Wednesday, June 20, 2018

How tax havens turn economic statistics into nonsense

accountability transparency offshore tax evasion havens money laundering corruption finance business politics

It’s no secret that tax havens help launder money, hide what powerful people own, and let giant corporations pay negligible taxes. One thing that’s not often mentioned is how they skew a lot of economic data.

A recent IMF article reveals a perfect example: “A stunning $12 trillion—almost 40% of all foreign direct investment positions globally—is completely artificial,” write economists Jannick Damgaard, Thomas Elkjaer, and Niels Johannesen. These are investments with no substance, where the money “invested” quickly moves on to another jurisdiction.

What’s really going on with that cash? The secretive nature of these transactions means it’s hard to say for sure. But Elkjaer, a senior IMF economist, says it’s likely that most of the payments have little purpose other than hiding the owner’s identity and avoiding tax or domestic regulation. That can mean a corporate giant moves money from shell companies in one country to another in order to shrink their tax bills. Or a plutocrat shifting cash around secretive islands to obscure the trail of what they actually own.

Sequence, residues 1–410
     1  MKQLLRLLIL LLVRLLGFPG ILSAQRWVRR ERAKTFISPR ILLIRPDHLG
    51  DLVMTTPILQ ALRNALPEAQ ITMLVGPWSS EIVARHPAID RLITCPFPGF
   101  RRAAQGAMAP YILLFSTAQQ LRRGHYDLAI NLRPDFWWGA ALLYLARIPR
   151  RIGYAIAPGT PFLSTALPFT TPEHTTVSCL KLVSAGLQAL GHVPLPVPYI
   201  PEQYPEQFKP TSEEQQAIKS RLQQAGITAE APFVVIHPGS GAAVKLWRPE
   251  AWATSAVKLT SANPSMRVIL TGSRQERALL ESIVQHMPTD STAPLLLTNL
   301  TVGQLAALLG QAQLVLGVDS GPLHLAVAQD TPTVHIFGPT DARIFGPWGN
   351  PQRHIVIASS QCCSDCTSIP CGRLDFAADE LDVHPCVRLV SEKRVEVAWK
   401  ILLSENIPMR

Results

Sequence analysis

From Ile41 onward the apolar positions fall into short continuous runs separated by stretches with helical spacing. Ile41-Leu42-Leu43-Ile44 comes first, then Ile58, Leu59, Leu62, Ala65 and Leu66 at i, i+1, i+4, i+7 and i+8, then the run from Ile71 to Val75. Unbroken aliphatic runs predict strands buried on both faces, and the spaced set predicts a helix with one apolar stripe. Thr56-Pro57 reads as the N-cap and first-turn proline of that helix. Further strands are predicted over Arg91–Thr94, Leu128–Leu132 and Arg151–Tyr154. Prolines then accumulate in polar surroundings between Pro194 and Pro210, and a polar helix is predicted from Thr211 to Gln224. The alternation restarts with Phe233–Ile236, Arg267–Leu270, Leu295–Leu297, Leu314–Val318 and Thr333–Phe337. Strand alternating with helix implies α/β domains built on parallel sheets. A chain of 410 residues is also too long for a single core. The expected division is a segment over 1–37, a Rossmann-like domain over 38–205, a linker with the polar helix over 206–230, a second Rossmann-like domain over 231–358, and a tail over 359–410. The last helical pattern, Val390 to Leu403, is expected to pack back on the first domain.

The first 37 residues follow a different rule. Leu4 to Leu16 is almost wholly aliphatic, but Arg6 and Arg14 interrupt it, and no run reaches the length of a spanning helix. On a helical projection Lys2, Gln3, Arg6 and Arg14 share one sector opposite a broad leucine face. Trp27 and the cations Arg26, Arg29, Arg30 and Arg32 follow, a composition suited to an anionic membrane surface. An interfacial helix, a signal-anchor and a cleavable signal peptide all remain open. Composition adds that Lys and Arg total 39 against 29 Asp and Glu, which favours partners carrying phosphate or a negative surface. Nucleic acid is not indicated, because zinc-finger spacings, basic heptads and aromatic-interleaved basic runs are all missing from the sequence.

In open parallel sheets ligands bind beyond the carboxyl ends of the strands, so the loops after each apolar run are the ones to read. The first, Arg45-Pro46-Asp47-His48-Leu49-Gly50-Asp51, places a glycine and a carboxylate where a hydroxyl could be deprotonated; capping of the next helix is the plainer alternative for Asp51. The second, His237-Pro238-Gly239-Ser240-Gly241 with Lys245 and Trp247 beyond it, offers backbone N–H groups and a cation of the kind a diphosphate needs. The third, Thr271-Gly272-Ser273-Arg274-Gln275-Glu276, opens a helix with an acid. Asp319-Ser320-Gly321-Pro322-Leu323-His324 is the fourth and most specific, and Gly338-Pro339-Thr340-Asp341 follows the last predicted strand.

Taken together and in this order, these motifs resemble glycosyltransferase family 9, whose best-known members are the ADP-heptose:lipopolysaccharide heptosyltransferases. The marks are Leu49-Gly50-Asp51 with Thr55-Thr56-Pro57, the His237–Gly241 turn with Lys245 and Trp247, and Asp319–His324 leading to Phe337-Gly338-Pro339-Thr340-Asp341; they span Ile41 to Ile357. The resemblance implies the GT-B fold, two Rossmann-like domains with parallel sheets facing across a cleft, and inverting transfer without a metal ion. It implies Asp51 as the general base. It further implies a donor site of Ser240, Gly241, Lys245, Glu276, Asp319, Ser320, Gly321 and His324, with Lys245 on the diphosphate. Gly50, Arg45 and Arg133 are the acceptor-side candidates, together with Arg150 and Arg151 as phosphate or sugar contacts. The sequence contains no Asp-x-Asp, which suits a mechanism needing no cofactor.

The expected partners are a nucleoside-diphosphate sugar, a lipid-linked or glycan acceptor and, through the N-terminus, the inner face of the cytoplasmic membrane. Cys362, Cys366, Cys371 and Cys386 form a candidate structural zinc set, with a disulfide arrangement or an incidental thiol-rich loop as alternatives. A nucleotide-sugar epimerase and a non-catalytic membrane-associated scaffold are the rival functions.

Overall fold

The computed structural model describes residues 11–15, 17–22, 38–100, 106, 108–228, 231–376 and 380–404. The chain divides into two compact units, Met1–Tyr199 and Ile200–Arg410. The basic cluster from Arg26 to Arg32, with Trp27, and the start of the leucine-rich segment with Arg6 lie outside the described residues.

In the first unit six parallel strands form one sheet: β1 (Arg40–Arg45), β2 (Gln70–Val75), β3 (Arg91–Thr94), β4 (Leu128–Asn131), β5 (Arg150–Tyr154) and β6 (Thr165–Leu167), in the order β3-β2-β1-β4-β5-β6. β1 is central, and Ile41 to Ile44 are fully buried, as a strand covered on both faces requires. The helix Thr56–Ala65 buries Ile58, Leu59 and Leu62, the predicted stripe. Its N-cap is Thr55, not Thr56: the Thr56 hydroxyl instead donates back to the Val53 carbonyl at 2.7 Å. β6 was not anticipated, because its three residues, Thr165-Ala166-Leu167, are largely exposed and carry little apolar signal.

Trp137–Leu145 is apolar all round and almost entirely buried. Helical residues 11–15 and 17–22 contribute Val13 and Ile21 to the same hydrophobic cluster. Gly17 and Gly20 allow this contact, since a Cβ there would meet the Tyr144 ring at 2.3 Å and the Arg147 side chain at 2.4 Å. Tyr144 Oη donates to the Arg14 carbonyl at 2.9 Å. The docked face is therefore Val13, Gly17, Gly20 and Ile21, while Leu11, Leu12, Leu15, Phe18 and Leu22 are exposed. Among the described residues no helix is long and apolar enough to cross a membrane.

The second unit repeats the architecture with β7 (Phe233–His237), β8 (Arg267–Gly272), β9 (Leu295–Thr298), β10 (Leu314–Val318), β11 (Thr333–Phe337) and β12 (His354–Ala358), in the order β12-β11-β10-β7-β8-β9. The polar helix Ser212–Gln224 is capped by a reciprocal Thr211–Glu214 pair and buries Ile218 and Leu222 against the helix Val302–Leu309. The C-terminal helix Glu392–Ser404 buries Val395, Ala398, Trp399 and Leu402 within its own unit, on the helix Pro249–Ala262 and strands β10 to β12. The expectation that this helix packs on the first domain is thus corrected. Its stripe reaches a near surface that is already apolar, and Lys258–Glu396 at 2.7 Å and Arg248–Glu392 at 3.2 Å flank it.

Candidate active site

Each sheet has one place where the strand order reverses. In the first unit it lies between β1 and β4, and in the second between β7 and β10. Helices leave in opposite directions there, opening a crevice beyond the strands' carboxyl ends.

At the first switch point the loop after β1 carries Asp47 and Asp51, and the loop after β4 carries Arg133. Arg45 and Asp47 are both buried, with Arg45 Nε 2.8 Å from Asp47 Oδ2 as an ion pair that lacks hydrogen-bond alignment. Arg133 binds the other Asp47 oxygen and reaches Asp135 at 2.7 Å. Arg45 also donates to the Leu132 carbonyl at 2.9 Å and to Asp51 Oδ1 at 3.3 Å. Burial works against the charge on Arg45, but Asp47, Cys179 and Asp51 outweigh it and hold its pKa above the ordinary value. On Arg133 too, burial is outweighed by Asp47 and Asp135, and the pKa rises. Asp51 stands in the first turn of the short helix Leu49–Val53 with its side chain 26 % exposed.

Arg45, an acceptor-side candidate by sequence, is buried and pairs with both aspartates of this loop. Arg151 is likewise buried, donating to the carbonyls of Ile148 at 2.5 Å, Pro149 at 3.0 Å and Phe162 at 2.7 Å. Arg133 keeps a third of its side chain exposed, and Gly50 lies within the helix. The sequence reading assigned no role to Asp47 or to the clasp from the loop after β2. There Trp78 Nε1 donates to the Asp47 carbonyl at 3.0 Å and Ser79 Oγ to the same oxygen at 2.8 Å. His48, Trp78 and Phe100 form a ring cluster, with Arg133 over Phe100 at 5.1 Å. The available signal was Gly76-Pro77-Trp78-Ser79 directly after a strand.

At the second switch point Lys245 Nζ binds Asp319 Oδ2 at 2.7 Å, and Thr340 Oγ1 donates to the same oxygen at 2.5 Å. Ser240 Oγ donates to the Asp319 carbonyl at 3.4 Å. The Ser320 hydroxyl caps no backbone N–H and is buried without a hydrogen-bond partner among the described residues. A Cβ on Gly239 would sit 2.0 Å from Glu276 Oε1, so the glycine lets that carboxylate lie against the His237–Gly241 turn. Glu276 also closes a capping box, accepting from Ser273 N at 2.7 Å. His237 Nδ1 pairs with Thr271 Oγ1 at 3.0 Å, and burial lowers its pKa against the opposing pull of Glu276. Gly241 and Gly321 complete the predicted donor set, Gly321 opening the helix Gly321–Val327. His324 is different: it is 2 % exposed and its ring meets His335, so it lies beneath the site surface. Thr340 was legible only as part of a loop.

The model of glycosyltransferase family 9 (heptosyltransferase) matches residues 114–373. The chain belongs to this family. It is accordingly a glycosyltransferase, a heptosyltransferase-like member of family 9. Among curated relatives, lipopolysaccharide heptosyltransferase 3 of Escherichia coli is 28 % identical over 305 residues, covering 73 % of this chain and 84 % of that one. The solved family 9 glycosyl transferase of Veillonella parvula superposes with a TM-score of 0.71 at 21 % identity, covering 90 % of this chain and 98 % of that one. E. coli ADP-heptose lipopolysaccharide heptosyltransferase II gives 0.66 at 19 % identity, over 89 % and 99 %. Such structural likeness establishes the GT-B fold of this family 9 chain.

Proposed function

That leads to some pretty crazy statistics. In India, China, and Brazil, 50% to 90% of outward FDI “goes through a foreign entity with no economic substance,” the authors write. In the US and UK, that figure is 50% to 60%.  (more...)

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